Duterte goes on red-tagging spree, accuses lawmakers and activists of being communists

President Rodrigo Duterte in his nationally televised briefing last night. Photo: Presidential Communications/FB
President Rodrigo Duterte in his nationally televised briefing last night. Photo: Presidential Communications/FB

Another Monday night, another evening rant from our beloved President Rodrigo Duterte.

Last night Duterte vented his ire towards activist organizations and Makabayan bloc members, accusing them of being legal fronts of the Communist Party of the Philippines (CPP), its negotiating arm National Democratic Front (NDF), and the rebel group New People’s Army.

Similar to previous instances when he leveled accusations against his enemies, Duterte did not offer any proof to back up his allegations.

Read: #DuterteMeltdown: PRRD blasts Robredo for allegedly saying he was MIA during typhoon

“All of them, Makabayan, Bayan [Muna]. They are all legal fronts, including Gabriela. We are not red-tagging you.  We are identifying you as members in a grand conspiracy comprising all the legal fronts that they have organized, headed by the NDF and the New People’s Army and the Communist Party of the Philippines,” the president said in English and Filipino in his publicly televised speech.

He added that the Armed Forces was “correct” in alleging that the groups are communists. Southern Luzon Command chief Lieutenant General Antonio Parlade Jr. said last month that members of the Makabayan bloc are communists because some self-proclaimed former members of the CPP said so.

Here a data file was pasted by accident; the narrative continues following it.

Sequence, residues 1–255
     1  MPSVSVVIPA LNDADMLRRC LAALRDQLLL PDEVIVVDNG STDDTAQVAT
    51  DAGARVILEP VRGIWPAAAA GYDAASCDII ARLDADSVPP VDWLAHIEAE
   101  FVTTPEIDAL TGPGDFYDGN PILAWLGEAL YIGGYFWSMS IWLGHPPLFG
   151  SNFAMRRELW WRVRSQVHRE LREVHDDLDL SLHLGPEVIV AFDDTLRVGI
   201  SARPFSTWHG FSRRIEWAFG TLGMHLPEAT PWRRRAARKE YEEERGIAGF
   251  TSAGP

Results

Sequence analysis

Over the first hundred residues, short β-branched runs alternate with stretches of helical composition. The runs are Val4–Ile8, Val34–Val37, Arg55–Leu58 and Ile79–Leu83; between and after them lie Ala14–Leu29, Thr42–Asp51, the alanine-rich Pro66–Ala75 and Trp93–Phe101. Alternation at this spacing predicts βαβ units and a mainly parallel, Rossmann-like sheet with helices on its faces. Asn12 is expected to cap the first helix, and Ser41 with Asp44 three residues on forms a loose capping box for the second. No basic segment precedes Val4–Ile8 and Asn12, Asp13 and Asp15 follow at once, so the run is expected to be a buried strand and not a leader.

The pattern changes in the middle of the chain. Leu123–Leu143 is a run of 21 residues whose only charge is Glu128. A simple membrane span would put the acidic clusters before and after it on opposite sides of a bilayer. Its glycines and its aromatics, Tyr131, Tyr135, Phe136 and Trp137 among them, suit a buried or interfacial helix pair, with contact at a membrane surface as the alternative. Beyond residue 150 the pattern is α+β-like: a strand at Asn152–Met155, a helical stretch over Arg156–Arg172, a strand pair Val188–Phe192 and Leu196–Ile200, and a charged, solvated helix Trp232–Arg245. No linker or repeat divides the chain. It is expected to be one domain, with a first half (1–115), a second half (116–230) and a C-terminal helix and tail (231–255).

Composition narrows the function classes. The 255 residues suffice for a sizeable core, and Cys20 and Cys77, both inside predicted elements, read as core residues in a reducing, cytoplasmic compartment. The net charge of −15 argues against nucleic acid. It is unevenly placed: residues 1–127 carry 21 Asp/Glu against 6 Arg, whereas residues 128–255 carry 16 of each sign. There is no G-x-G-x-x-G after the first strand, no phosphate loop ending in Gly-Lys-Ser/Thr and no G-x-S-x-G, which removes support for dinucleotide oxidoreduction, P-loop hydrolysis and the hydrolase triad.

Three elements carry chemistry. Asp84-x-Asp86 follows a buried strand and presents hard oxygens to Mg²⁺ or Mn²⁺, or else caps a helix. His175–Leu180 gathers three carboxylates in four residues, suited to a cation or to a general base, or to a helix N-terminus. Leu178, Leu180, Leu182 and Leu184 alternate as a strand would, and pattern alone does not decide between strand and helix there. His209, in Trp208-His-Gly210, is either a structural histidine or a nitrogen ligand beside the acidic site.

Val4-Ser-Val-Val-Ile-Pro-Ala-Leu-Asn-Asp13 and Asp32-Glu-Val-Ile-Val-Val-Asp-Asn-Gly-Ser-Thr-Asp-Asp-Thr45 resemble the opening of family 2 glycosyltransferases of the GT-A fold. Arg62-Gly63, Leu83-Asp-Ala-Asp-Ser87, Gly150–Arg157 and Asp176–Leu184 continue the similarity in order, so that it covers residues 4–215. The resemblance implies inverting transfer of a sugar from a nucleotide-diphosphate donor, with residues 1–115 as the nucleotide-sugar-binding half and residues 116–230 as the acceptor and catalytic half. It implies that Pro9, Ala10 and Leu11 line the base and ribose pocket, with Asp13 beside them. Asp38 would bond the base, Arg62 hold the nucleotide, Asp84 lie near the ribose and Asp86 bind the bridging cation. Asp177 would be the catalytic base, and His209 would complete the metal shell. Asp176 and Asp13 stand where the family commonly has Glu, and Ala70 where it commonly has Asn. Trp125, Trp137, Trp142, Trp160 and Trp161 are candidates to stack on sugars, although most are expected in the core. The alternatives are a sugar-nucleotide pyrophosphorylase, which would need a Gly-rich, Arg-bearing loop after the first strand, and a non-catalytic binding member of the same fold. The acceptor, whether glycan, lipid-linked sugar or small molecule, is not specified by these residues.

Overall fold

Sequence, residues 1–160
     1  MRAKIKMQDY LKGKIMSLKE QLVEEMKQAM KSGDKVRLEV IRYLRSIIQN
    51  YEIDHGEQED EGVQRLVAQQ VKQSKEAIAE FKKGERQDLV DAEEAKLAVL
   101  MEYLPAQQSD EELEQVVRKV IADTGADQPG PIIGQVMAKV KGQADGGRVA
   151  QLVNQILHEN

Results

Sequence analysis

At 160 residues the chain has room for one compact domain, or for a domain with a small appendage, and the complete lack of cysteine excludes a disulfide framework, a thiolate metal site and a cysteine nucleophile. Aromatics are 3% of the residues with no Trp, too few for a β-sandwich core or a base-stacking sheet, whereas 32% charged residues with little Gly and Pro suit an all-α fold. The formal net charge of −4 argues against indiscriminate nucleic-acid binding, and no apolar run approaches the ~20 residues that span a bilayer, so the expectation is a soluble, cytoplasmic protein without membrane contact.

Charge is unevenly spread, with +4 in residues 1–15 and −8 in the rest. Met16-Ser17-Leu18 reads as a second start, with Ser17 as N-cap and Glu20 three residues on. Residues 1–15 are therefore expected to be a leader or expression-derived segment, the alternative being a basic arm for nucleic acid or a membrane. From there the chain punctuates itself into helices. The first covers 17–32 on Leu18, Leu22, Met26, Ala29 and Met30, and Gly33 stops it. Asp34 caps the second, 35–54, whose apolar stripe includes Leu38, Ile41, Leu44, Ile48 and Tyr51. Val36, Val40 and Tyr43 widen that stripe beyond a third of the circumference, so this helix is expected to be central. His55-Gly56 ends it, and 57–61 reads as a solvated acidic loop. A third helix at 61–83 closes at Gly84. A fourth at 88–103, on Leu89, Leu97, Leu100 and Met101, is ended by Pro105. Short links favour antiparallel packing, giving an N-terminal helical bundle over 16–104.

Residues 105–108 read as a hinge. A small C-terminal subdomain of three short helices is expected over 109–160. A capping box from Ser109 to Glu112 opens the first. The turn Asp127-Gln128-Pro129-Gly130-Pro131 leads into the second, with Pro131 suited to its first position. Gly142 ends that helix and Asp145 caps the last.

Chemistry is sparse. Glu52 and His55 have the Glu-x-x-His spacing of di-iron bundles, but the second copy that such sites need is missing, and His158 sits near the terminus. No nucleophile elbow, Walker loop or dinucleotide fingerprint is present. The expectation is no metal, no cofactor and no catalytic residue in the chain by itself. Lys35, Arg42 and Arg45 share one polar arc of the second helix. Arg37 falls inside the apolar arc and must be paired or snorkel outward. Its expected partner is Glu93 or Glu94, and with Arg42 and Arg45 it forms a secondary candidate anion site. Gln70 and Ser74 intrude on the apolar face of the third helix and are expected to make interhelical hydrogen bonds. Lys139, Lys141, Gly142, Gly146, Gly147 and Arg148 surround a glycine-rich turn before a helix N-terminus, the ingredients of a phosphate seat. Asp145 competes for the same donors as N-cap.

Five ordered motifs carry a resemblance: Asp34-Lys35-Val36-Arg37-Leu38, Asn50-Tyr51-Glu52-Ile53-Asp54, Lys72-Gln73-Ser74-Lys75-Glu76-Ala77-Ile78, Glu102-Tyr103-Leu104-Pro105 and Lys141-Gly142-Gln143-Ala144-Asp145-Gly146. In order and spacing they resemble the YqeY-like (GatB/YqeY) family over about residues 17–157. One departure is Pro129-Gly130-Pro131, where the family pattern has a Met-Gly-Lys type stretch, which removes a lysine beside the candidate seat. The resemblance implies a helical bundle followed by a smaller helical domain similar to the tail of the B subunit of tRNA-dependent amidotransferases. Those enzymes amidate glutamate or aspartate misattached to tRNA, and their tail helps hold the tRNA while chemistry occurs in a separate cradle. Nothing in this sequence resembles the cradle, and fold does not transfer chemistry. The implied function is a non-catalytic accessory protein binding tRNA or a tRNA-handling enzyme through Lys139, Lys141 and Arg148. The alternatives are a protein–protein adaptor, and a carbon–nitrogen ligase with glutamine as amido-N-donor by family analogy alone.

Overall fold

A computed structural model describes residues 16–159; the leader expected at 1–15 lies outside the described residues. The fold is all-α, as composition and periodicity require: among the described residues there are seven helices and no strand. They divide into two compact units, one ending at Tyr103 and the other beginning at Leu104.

“You are being identified as the members of the communist so that we know. That’s the truth. This is not just red-tagging,” the president insisted.

“There is no longer any ideology. These communists are nothing. They want to topple the government, but they are all idiots and sons of b*tches,” Duterte said.

The president then turned personal and claimed that he was more intelligent than CPP founder Jose Maria Sison, his former teacher at San Beda University. Sison has been in exile in the Netherlands since 1987, the year when peace talks between the CPP and the government then led by former President Corazon Aquino broke down. Sison and Duterte used to have a warm relationship during the early years of the president’s term. However, it turned hostile after Duterte ended the negotiations between his government and the CPP in 2019.

Read: Congress suspends approval of PCOO budget over Badoy’s dangerous ‘red-tagging’

“Who is bright? Sison? For goodness’ sake! Let Sison face me. We can debate. What have you gotten from that ideology, communism?” Duterte said.

He also lambasted Bayan Muna party-list Representative Carlos Zarate, a member of the Makabayan bloc who has already denied that he was a CPP member. Duterte alleged, without offering proof, that the congressman was in the pocket of an unnamed industrialist.

“That Zarate…you know, I think you need money. That’s the only reason that you became a communist, to defend an oligarch. You’re not a summa cum laude. We both passed the bar [exams],” he said.

“When you talk, you make it appear that we are milking [money off] the government,” Duterte said, and added that the lawmaker reminded him of “dog’s poo.”

Human rights organization Amnesty International has urged the Duterte government to stop its widespread practice of red-tagging, saying last month that it was “vicious and at times, deadly.”

“In the prevailing context where red-tagged individuals become the targets of harassment, threats, and even killings, courts and pertinent government agencies must take concrete steps to ensure the safety and protection of these individuals,” it said in a statement.

In August, activist Zara Alvarez was shot to death by gunmen, two years after unidentified elements accused her of being a communist. 



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